Fluency Security CEO Chris Jordan says security automation and orchestration (SAO) is going to be big in the channel.

Edward Gately, Senior News Editor

June 29, 2017

7 Min Read

Security automation and orchestration (SAO) is going to be big in the channel, so much so that it will replace security information and event management (SIEM) in the fight against cyberattacks.

That’s according to Chris Jordan, CEO of SAO startup Fluency Security. The company automates correlation, detection, validation and ongoing tracking through artificial intelligence and machine learning to reduce the dependence on human analysts.


Fluency Security’s Chris Jordan

The global security orchestration market is estimated to grow from $826 million in 2016 to nearly $1.7 billion by 2021, at an estimated compound annual growth rate (CAGR) of 15.3 percent. The major forces driving the market are the rise in security breaches and incidents, rapid deployment and development of cloud-based services, and growth in the BYOD trend, affecting SMEs.

In a Q&A with Channel Partners, Jordan talks about his company’s work with the channel and the evolution of cybersecurity.

Channel Partners: What led to you becoming CEO of Fluency Security?

Chris Jordan: I went into a startup in 2000 that was acquired by Verizon and I started my own company, Endeavor Security, in 2003 for fast-moving viruses and worms, and services; and that company was purchased by McAfee in 2009. I left McAfee in 2012 and started … Fluency Security, focused around security automation and orchestration. And the objective is to grab all of the information that exists not only inside a network, but also in the cloud and cloud services, and combine all of that data so somebody has the vision in order to make a decision to automate a response.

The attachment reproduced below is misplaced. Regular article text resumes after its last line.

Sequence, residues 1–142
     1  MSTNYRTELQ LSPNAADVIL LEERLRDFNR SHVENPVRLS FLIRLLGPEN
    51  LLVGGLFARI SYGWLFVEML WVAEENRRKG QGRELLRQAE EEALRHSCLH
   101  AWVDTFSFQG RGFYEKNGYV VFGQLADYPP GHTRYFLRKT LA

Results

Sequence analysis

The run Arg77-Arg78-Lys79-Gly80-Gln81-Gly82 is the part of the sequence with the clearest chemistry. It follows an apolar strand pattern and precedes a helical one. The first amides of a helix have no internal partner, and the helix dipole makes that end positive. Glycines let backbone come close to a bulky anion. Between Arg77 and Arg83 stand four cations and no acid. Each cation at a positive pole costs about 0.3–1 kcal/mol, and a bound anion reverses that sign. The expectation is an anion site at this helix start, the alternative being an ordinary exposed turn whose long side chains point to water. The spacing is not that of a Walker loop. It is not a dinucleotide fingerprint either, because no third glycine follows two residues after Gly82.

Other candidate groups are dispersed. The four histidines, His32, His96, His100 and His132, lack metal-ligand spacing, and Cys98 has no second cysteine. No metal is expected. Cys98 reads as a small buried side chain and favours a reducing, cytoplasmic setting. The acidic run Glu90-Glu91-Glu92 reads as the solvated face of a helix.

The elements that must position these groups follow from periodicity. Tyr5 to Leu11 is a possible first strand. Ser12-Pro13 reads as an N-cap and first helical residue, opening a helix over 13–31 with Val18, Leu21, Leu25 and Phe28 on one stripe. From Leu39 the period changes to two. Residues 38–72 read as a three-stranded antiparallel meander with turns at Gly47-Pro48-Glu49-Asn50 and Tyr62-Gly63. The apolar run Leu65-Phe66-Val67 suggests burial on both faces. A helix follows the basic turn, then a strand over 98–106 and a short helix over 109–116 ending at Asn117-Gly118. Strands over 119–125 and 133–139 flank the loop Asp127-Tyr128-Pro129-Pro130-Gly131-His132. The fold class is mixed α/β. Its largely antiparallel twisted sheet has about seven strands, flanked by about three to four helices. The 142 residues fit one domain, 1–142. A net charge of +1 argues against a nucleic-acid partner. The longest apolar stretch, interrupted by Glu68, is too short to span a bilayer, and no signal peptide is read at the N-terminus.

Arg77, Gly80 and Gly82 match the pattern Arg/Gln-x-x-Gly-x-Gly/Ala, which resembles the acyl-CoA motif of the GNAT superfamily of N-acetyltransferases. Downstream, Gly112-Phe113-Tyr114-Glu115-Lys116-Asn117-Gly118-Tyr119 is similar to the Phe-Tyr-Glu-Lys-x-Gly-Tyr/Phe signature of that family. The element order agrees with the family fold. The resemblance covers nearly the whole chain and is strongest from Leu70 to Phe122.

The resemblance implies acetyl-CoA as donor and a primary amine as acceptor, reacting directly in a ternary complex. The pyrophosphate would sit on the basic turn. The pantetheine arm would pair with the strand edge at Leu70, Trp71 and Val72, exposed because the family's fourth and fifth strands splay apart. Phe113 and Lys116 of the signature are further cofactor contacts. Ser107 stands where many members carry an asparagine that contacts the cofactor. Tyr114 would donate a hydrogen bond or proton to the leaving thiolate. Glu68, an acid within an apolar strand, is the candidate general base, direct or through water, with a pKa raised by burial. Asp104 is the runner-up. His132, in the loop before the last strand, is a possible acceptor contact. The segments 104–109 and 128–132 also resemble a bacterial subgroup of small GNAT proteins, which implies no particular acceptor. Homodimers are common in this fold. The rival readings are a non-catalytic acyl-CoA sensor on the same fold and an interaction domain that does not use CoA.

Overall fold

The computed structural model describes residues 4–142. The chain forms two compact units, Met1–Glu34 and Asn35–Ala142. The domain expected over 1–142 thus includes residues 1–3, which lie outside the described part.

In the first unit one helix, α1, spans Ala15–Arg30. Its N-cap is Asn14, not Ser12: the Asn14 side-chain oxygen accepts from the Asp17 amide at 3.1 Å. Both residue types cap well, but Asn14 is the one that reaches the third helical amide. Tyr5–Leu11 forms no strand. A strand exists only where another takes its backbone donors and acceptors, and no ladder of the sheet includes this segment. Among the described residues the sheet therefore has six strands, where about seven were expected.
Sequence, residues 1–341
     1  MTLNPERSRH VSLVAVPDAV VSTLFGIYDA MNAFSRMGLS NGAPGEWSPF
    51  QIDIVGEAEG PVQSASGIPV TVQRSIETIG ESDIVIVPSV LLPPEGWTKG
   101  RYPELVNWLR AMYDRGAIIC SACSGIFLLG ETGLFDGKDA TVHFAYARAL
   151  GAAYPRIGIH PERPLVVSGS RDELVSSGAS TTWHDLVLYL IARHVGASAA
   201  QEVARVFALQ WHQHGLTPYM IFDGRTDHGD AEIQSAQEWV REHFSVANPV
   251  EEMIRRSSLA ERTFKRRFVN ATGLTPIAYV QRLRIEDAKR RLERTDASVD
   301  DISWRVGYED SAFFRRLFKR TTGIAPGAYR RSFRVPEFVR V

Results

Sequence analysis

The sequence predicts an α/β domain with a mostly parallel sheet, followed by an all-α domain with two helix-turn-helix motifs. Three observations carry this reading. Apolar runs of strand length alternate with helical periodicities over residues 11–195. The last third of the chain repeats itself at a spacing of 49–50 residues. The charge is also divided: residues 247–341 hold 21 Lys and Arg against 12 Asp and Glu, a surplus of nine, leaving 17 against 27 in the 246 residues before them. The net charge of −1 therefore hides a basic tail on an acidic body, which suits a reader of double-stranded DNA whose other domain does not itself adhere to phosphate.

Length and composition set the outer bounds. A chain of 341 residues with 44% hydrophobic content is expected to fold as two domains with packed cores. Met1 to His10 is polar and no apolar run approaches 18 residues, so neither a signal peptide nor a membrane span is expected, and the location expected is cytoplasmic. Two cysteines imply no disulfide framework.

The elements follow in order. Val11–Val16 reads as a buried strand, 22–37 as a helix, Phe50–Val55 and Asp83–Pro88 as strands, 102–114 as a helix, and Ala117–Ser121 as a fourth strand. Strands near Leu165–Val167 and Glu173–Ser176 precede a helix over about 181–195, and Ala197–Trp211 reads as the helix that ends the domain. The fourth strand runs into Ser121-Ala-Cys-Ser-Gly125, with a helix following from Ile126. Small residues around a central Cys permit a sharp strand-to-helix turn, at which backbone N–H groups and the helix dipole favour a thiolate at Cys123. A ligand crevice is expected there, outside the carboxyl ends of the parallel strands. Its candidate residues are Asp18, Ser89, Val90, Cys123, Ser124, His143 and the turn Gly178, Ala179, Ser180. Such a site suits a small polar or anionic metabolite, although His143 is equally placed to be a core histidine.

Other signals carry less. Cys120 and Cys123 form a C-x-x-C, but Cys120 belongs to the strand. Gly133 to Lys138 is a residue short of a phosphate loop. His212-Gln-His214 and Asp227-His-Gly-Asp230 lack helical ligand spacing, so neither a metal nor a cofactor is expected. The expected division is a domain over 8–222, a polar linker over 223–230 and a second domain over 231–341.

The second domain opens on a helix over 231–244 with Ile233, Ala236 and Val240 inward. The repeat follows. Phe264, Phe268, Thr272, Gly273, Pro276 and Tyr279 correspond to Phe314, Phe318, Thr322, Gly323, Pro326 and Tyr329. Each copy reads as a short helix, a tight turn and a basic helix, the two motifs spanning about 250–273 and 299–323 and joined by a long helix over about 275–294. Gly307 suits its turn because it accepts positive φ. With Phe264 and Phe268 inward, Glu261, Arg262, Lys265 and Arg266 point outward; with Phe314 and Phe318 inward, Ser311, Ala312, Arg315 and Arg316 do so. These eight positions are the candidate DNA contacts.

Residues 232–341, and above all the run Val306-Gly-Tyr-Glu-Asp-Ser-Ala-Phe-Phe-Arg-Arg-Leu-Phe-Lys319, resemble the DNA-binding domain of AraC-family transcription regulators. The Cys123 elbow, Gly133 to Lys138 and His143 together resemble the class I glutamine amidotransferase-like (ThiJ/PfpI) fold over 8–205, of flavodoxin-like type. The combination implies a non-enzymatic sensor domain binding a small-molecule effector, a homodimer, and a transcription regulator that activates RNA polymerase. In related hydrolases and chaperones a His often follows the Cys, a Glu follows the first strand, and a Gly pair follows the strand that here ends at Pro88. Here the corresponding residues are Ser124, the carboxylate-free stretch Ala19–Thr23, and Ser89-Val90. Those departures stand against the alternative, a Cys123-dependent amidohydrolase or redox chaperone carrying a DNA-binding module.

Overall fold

CP: What has been your experience working with the channel?

CJ: I didn’t really have any channel partners before, but this time around we started the company and we focused on slowly generating channel partners. So it’s kind of new to me. I kind of learned from past history that how much support you can give an organization is really what makes a channel partner successful. So we’ve been doing a lot of development around the capability of creating slide decks … white papers and use cases, just all the materials necessary for somebody to be able to do a sale as if it was in-house. We give all of that material to channel partners to help them with leads and the marketing. We go out and try to get as much brand awareness as possible to try to make it easier for the channel partners to execute.

CP: Do you have a formal partner program in place or is that something planned?